Here we are, just three days from the Momstravaganza! Can you believe it? When I was growing up, I never gave it much thought, to be honest. I loved my mom, she loved me--it was a 24/7, 365 days a year thing (well, maybe not so much between my thirteenth and fifteenth years. We don't talk about those days.). It was a damned good thing my dad always remembered and came through with the goods.
As I got older and became a mom myself, I realized how damned hard being a mother can be, and I appreciate my mom so much more today than I ever did as a kid. She wasn't much more than eighteen, a kid herself, when she had the most stubborn, pig-headed, irascible child in the world (moi). According to family legend, I gave up naps by one year, walked (ran) when I was nine months old, talked at about the same time, and was reading by two years. The questions falling out of my mouth never ceased. THE WOMAN GOT NO REST. The fact that I lived to be writing this is a testament to her sainthood.
So, without further ado, here is a list of the five best lessons I learned from my mom:
5) LISTENING IS A GIFT
I was a shy kid at school, believe it or not. I didn't talk much, but I read all the time. I wrote stories, and thought thoughts, and found myself delightfully entertaining. Of course, when I got home I had all this STUFF that had been going around in my head to talk about, and good old mom was there to listen. I'm sure she had no idea what I was talking about half the time, and found most of the rest boring as hell, but she never let me know that. I got her bright smile and questions in all the right places, and when I finally ran down I got a hug. I knew I was loved. That was priceless. I try to pay it forward everywhere in my life, from my kids to the old lady in the grocery store that wants to reminisce about people I've never heard of. Everyone deserves to feel as important as I did at the end of each school day.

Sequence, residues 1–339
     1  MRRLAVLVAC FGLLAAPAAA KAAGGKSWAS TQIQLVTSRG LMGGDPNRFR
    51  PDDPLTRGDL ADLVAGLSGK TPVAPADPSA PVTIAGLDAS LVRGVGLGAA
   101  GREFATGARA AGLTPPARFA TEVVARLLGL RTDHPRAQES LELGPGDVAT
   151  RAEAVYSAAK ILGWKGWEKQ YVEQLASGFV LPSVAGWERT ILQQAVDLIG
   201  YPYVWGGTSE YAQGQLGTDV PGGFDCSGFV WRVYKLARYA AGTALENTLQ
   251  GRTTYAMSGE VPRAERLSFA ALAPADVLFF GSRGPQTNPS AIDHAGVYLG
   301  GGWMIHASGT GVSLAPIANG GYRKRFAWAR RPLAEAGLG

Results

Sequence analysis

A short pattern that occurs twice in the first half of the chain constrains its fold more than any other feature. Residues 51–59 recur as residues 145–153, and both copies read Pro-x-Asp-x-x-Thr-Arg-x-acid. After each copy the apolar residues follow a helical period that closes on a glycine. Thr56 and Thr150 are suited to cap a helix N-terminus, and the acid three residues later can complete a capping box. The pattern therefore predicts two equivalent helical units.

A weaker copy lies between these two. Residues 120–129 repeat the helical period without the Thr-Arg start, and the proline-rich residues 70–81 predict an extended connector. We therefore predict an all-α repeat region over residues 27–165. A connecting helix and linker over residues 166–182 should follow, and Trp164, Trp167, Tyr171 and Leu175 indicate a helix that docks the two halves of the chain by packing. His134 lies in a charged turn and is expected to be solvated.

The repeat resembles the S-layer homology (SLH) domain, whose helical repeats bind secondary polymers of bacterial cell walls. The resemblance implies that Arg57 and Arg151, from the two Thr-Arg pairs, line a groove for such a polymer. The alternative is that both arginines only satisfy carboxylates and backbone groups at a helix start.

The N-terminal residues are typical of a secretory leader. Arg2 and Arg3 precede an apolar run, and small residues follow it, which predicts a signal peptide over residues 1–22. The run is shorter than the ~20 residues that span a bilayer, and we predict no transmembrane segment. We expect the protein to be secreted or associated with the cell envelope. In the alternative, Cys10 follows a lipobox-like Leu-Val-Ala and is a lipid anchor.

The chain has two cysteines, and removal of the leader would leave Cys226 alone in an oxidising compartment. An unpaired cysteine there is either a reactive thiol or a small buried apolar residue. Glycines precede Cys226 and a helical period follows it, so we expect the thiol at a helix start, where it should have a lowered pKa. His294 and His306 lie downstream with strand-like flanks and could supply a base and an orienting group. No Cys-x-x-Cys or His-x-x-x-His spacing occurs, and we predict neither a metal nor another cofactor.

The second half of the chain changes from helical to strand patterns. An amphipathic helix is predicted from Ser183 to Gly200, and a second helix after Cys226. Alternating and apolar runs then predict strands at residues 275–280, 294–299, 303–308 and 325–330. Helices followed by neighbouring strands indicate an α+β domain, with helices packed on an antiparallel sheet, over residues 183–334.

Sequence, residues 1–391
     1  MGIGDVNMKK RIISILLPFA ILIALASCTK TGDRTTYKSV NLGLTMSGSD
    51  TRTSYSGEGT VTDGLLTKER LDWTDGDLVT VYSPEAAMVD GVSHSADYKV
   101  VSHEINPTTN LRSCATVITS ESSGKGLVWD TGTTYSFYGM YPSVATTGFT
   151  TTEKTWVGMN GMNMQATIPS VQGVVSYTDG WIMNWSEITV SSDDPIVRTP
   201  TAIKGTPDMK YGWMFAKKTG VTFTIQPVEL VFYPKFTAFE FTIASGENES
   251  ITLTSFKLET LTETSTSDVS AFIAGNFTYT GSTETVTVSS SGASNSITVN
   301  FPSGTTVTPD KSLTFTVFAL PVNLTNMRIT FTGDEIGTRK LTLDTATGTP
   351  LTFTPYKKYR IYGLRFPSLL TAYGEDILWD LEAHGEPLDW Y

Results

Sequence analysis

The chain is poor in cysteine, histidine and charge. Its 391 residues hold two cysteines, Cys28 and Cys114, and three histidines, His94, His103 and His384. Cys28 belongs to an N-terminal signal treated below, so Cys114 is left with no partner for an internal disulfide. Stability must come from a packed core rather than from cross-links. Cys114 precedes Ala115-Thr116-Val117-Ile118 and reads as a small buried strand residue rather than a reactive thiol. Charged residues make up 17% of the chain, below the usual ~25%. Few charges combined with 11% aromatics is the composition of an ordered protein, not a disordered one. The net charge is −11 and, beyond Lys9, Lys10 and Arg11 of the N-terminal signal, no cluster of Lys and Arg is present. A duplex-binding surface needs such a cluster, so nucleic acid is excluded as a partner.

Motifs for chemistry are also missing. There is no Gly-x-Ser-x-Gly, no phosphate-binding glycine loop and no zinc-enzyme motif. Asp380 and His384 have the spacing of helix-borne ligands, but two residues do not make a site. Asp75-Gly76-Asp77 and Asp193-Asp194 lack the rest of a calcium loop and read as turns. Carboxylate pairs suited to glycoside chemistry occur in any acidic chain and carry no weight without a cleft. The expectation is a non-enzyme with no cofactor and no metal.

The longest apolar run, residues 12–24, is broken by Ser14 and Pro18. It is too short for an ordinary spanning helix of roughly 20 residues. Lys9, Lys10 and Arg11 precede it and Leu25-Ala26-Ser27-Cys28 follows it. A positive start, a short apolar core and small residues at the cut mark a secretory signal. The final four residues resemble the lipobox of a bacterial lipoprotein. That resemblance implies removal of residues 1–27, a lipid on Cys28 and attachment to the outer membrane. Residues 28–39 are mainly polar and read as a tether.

4) EVERYONE HAS A STORY
This goes along with the last one, I guess, but it's separate in my mind. If Mom always listened to me, she wasn't shy about letting me know when it was my brothers' turn to talk, and she didn't put up with 'topping'. You know, that thing when you listen to two minutes of what someone else has to say, and then jump in with our own story of how much (bigger, badder, better, worse) your (thing) was. Uh-uh. That didn't fly at all. A reminder that we're all pieces of the puzzle, separate but equally important, was a great lesson for me, both in life and as a writer.
3) DON'T BE SO DAMNED SERIOUS
Picture the scene: a family walks along a beautiful Japanese trail, taking a last look at ruins of a wall that was in existence for centuries before the US was conceived. Picture the teenage son, sauntering coolly along, pretending that he doesn't belong to this motley crew. Picture the mother, irritated that he's ignoring her and missing out on this gorgeous sight. Now picture her crawling along behind him, chattering brightly at his back until he starts to laugh. Then she stands up, brushes off her hands & knees, and continues cheerfully on. Yup. My mom. I'll never forget how much we laughed, both because my brother (Ole StoneFace) finally broke out of his shell and because mom looked so funny! It taught me that: 1) you don't have to beat people over the head to make your point; 2) embarrassment isn't fatal.
2) WEIRD IS (POSSIBLY) GOOD
In the last week, I've had an involved discussion of Legos with a five year old, commiserated with a woman of indeterminate (but white-haired) years over the state of her car, had a street person tell me exactly where the Obama Administration has gone wrong, and talked old vs. new Spiderman with a stringy guy. All of these people were complete strangers. This is not unusual. If there is a drunk, a little kid, a lonely old person, or a crazy with a story anywhere in the vicinity, they will find me and tell me their story. I get this from my mom. She's always been the one that can and will talk to anyone about anything. It takes FOREVER to get through a store with her...but it's always a happy journey! It's apparently genetic: my older son was recently moaning that if there is a weirdo in any of his classes, they talk to him. His summation: "Grandma is the Yoda of weirdo attracting, you're Obi-wan, and I'm your damned Padawan learner!" (Yes, the geekdom is hereditary, too)
1) BE KIND
If I pass nothing on to my kids, this is the best I have to offer, and I got it from my mom. She used to tell us (often), "Be polite. You don't have to like everyone in the world, and they don't have to like you, but you can always be polite." After hearing this a jillion times and seeing it in action all of my life, I find it nearly impossible to be rude without extreme provocation. I learned to ignore a lot of the little irritations of life, let pass the petty mistakes people make, and to live and let live. Mom taught me that being polite and being kind makes life easier and more pleasant for everyone. And isn't that something worth passing on?
THANKS, MOM. I LOVE YOU.